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Orbital Geometry

PostPosted: Wed Feb 03, 2010 4:35 am
by Bagatell
As if I didn't have enough to chew on with LCCTO I stumbled over http://www.interferencetheory.com/
and as there has been no mention of Richard Merrick here, I thought some of you might be interested in his ideas.

[quote]From prior discussions, you may recall that the tritone {D, G#} is the axis of symmetry and greatest stability within a {C} major scale. And that at a right angle to this axis is the diatonic tritone {B, F}, representing the axis of greatest resonance and instability within {C} major. As we now find them on the Chromatic Ring, the vertical axis becomes the stable Harmonic Axis and the horizontal axis the “restlessâ€

PostPosted: Wed Feb 03, 2010 5:02 pm
by chespernevins
Wow. That quote got my attention. I haven't heard of this guy before. Where's the quote from? I haven't come across it on the web site yet.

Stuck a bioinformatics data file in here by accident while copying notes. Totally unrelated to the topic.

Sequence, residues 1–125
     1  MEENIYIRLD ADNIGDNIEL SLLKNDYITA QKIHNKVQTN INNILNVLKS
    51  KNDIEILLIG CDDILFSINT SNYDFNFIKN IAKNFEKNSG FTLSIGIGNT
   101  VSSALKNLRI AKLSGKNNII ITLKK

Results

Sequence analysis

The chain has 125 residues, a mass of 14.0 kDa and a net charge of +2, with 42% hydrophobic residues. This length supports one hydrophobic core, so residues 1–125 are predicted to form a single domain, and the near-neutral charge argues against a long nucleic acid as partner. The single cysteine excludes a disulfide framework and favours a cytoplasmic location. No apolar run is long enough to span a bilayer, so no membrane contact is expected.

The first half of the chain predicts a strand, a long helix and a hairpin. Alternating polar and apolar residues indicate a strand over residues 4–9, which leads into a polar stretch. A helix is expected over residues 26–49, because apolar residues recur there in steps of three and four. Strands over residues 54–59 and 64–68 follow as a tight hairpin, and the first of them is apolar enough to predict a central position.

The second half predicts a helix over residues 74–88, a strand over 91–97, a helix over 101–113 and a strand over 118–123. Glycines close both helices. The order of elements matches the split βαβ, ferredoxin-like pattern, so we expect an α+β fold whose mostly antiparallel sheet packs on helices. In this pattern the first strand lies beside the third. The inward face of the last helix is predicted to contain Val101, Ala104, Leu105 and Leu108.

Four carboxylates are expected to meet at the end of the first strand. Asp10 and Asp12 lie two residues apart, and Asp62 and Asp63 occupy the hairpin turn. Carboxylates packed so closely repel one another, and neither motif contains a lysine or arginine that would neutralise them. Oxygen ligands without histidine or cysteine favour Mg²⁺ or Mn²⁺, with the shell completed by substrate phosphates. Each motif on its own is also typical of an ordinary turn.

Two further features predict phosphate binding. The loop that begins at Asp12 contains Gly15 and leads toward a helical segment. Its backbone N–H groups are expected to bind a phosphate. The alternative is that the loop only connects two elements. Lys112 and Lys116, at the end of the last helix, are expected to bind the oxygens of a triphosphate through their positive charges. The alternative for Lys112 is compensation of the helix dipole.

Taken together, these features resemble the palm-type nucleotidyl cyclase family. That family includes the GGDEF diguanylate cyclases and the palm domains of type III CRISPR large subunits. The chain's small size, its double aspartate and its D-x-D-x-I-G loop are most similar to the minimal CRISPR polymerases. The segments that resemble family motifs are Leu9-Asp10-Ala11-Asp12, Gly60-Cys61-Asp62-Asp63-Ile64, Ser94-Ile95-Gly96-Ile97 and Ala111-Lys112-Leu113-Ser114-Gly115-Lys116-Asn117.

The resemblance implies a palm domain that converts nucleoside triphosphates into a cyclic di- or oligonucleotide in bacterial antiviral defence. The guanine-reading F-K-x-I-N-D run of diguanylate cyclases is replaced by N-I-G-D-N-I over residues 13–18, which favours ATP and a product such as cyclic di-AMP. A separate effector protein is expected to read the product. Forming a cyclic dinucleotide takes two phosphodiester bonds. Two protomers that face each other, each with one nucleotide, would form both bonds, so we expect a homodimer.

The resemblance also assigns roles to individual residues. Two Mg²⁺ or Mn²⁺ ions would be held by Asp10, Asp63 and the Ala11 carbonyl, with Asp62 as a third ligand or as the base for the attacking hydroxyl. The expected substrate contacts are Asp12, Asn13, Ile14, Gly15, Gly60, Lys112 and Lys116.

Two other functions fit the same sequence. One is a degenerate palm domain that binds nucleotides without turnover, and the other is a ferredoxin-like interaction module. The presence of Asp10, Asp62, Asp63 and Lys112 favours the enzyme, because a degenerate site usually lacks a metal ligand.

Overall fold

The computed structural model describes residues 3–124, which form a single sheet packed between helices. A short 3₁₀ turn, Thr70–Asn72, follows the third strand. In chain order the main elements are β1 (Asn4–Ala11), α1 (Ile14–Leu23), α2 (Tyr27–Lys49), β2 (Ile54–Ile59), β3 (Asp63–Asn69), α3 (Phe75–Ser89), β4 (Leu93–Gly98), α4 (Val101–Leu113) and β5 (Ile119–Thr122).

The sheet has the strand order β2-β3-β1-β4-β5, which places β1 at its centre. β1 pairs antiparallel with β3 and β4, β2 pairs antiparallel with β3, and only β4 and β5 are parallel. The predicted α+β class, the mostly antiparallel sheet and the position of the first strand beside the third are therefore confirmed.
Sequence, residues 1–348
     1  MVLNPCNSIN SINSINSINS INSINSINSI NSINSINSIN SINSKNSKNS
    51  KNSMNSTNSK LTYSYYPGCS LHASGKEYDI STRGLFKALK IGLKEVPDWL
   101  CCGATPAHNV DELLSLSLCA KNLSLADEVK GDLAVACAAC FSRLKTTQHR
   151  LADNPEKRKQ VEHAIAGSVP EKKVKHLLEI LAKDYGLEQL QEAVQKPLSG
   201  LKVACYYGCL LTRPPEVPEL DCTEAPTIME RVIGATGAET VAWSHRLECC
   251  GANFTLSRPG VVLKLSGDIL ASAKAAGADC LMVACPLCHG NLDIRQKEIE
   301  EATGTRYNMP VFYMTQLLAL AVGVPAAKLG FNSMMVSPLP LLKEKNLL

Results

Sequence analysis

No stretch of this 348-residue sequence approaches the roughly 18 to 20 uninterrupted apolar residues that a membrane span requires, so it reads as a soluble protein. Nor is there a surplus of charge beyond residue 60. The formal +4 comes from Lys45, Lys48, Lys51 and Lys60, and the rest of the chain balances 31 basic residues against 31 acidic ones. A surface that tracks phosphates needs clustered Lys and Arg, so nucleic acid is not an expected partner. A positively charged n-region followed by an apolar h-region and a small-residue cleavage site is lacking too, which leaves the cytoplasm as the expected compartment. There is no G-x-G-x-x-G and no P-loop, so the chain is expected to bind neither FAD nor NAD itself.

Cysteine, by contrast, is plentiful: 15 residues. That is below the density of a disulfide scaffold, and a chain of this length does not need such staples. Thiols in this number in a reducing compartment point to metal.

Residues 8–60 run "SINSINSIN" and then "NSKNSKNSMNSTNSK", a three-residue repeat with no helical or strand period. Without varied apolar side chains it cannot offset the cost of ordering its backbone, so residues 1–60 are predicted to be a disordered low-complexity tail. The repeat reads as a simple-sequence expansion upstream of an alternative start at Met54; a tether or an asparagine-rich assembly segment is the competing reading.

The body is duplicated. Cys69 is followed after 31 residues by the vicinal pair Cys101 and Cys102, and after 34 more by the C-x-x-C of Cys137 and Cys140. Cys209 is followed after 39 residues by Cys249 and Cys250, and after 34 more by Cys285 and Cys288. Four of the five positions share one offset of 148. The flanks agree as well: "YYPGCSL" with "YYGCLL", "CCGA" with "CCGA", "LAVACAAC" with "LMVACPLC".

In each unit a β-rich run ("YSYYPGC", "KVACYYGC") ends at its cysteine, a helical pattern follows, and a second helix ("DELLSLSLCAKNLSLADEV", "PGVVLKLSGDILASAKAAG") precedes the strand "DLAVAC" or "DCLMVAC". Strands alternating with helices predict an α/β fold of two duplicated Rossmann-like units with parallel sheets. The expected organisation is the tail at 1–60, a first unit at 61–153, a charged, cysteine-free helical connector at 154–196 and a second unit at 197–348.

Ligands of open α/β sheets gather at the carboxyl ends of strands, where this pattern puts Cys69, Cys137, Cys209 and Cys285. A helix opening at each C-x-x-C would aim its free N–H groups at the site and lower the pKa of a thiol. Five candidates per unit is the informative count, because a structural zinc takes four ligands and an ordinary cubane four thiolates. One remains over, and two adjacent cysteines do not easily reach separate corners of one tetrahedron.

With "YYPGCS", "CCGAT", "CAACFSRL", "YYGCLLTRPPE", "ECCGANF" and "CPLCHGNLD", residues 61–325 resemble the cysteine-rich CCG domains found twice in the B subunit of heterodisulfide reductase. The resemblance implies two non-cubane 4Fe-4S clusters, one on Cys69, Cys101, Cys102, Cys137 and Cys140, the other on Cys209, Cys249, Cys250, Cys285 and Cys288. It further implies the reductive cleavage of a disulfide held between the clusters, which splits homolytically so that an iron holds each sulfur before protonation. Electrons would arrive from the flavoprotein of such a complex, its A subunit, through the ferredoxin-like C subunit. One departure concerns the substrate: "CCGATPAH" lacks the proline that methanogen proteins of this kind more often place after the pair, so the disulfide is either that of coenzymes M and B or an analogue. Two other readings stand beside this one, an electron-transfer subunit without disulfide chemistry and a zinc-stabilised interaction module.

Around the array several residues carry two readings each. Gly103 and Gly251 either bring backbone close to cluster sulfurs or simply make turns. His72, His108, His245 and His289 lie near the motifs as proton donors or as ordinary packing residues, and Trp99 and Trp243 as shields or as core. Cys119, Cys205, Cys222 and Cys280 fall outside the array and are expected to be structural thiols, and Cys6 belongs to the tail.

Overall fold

PostPosted: Thu Feb 04, 2010 4:12 am
by Bagatell
I think it's in the book exerts. The web site appears to only have a fraction of whats in the book though and its $80...


found it at

http://www.interferencetheory.com/Excer ... age22.html

PostPosted: Fri Dec 24, 2010 4:09 pm
by Bagatell
The book is now available as a free pdf :D

http://interferencetheory.com/files/Interference.pdf

Re: Orbital Geometry

PostPosted: Sat Dec 25, 2010 2:37 pm
by sandywilliams
[quote="Bagatell"]As if I didn't have enough to chew on with LCCTO I stumbled over http://www.interferencetheory.com/
and as there has been no mention of Richard Merrick here, I thought some of you might be interested in his ideas.

[quote]From prior discussions, you may recall that the tritone {D, G#} is the axis of symmetry and greatest stability within a {C} major scale. And that at a right angle to this axis is the diatonic tritone {B, F}, representing the axis of greatest resonance and instability within {C} major. As we now find them on the Chromatic Ring, the vertical axis becomes the stable Harmonic Axis and the horizontal axis the “restlessâ€

PostPosted: Fri Dec 31, 2010 6:15 am
by bobappleton
interesting work, though not the LCC. thanks for the link.

PostPosted: Tue Jan 11, 2011 8:04 am
by strachs
Merrick is simply trying to explore and explain that force that seems to make one chord or structure "want" to resolve/move somewhere else.

Bob is right that Merrick's work is "not the LCC". But since the LCC does not venture into the "why's" of HTG, Merrick's work is probably of interest to this audience.

Link is appreciated.